Space & Astronomy
Earth-like planets could be right next door
By T.K. Randall
February 7, 2013 · 34 comments
Image Credit: NASA
Astronomers have determined that the nearest Earth-like planet could be only 13 light years away.
The claim was made based on research using data from NASA's Kepler telescope. Astronomers at the Harvard-Smithsonian Center for Astrophysics determined that six percent of red dwarf stars are home to habitable worlds and worked out the statistical probabilities from that. Red dwarf stars are smaller, colder and dimmer than our Sun, but they are highly abundant with more than 75 million of them in our galaxy alone.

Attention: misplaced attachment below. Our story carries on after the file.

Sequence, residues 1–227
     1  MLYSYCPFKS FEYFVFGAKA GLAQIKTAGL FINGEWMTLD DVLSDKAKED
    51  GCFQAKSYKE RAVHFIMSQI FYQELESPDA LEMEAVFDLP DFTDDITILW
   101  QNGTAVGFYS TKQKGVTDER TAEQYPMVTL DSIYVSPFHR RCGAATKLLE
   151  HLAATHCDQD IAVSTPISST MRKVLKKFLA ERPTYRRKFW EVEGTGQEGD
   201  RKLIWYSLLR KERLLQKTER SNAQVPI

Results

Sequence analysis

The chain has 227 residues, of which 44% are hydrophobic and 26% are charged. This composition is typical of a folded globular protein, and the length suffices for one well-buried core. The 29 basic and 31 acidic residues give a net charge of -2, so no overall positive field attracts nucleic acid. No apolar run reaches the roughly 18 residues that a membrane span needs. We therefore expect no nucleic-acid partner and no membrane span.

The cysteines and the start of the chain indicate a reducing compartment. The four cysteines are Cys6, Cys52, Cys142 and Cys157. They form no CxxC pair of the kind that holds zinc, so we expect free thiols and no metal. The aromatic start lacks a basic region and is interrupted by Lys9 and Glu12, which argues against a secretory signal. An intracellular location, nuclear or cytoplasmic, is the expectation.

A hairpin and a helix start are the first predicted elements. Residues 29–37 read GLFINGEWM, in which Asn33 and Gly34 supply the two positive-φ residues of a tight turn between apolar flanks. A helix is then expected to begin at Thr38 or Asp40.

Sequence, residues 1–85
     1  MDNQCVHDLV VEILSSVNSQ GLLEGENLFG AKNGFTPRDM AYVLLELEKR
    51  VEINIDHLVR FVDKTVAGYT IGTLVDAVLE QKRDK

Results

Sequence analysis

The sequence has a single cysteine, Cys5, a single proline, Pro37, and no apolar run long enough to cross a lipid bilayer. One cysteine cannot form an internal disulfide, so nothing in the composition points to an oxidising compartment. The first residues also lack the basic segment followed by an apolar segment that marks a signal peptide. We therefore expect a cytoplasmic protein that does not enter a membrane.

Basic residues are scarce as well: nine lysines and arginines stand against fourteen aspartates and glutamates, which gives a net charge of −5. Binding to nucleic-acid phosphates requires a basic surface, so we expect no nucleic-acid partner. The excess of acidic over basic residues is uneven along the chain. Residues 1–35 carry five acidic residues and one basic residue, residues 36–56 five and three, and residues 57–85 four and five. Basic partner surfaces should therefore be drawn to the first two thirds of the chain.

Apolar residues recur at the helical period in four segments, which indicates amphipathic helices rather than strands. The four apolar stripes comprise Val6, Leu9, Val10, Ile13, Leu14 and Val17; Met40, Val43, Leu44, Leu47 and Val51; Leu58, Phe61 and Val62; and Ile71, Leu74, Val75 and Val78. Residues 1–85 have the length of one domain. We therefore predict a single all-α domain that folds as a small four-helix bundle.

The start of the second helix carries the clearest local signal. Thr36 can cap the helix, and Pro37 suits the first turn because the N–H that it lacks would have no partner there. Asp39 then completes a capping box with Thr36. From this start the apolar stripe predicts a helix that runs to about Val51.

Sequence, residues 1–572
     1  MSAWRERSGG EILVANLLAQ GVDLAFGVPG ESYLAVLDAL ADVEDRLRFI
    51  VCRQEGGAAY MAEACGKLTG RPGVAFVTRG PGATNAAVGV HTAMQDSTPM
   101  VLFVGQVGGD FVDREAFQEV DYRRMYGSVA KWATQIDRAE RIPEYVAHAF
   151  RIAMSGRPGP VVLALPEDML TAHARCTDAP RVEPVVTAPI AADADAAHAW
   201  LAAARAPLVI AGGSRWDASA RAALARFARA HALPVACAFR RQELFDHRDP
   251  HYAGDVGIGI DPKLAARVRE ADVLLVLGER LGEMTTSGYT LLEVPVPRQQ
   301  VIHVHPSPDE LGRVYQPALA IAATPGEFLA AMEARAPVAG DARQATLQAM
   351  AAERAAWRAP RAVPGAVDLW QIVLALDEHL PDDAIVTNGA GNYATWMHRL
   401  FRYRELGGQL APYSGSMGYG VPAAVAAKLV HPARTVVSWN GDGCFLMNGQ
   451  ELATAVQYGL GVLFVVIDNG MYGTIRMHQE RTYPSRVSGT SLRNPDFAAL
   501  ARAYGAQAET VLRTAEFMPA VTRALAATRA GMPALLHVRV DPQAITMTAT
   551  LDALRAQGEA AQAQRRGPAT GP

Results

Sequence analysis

"We thought we would have to search vast distances to find an Earth-like planet," said lead author Courtney Dressing. "Now we realize another Earth is probably in our own backyard, waiting to be spotted."
Dressing culled the Kepler catalog of 158,000 target stars to identify all the red dwarfs. She then reanalyzed those stars to calculate more accurate sizes and temperatures. She found that almost all of those stars were smaller and cooler than previously thought.
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